It is significant to note that UNHCR will not allow any refugee to be returned to their country of origin forcibly. Repatriation must be voluntary, and no pressure should be laid on refugees to return to their home country. The work of UNHCR derives from its supervisory role and from the obligations of states to cooperate with UNHCR.

The existence of a definition of a refugee under the 1951 Convention often raises the question of determining whether a particular person is a refugee or not.

It has been observed that states, in case of doubt, seek advice from UNHCR. This is because UNHCR has been entrusted with the responsibility of the protection of refugees and is competent to determine who comes within the purview of the definition of a refugee.

Generally speaking, states abide by the decisions of UNHCR. Furthermore, the views of UNHCR are taken into account when determining whether a normal situation has been restored in the country of origin before refugees are sent back.

During 1999, Kosovo, East Timor, and Chechnya kept UNHCR engaged in looking after refugees under extreme pressure.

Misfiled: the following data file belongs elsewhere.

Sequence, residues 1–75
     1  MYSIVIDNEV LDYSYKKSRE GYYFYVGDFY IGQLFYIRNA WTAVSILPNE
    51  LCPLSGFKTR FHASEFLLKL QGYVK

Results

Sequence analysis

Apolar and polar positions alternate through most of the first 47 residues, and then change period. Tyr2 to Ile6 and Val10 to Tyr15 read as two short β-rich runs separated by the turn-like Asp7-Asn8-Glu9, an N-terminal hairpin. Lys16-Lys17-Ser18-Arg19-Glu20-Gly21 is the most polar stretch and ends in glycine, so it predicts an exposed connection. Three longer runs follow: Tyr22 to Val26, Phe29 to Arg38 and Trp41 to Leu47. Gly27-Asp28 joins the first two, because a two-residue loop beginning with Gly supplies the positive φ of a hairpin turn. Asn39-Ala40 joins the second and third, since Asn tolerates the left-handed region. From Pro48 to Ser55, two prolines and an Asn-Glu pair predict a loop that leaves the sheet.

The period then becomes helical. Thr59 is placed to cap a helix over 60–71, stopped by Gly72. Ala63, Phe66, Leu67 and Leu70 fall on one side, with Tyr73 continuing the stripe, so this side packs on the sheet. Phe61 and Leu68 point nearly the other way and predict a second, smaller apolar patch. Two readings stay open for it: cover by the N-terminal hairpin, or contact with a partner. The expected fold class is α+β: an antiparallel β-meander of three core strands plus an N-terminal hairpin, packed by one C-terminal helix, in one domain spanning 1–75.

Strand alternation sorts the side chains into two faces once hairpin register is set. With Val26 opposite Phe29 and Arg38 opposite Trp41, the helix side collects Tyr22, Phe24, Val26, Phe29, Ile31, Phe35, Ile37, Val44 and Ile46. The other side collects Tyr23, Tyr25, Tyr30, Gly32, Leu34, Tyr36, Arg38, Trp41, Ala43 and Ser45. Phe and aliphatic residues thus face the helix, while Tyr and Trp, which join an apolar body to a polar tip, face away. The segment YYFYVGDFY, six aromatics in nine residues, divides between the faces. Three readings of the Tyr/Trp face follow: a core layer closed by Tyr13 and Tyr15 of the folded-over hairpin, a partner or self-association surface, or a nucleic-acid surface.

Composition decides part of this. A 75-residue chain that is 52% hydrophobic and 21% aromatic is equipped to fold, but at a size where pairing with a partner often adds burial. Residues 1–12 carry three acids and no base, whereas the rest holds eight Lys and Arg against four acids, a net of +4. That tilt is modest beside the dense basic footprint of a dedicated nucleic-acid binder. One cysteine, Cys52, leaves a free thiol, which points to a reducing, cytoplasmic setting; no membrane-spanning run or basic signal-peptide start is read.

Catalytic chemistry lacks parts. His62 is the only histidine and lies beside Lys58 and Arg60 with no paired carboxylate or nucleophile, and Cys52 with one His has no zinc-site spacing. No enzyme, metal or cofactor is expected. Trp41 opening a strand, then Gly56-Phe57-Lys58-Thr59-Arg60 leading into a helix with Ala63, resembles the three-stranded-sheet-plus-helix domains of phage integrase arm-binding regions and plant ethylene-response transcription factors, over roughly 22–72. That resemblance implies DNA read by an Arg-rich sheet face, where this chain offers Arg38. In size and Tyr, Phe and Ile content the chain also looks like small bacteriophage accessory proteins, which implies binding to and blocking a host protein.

The year 1999 was a year of challenge for UNHCR. Kosovar refugees were sent back to Kosovo once UNHCR certified that there was no danger for refugees to return, even though the basic necessities of life are hard to come by in Kosovo.

East Timorese refugees returned from the Indonesian part of West Timor by 2000. Since 2003, many Afghan refugees have returned to their country from Pakistan and Iran.

Expanded Mandate of UNHCR

UNHCR’s work appears to have been transformed in the post-Cold War period by its efforts to respond to the proliferation of conflicts and causes of displacement of people. The scale of the refugee situation seems to reflect the uncertainty and instability of the modern era.

UNHCR has been entrusted with work that does not strictly fall under its competence. In 1972, UNHCR was requested by the UN to look after the Ugandan Asians who were expelled by former President Idi Amin of Uganda.

In 1974, UNHCR assisted the internally displaced persons in Cyprus. In 1979, UNHCR was involved with “potential refugees” of Vietnam. Since 1994, the General Assembly has directed UNHCR to be involved in persons who cross the borders.

In parts of Africa and in the Balkan States, armed conflicts dictated the need for UNHCR to provide protection and assistance in new situations.

Protection activities within the countries of origin have proved essential to stem the flow of refugees. This has resulted in UNHCR’s direct involvement in providing protection to various categories of persons, such as internally displaced persons and stateless persons, besides the refugees.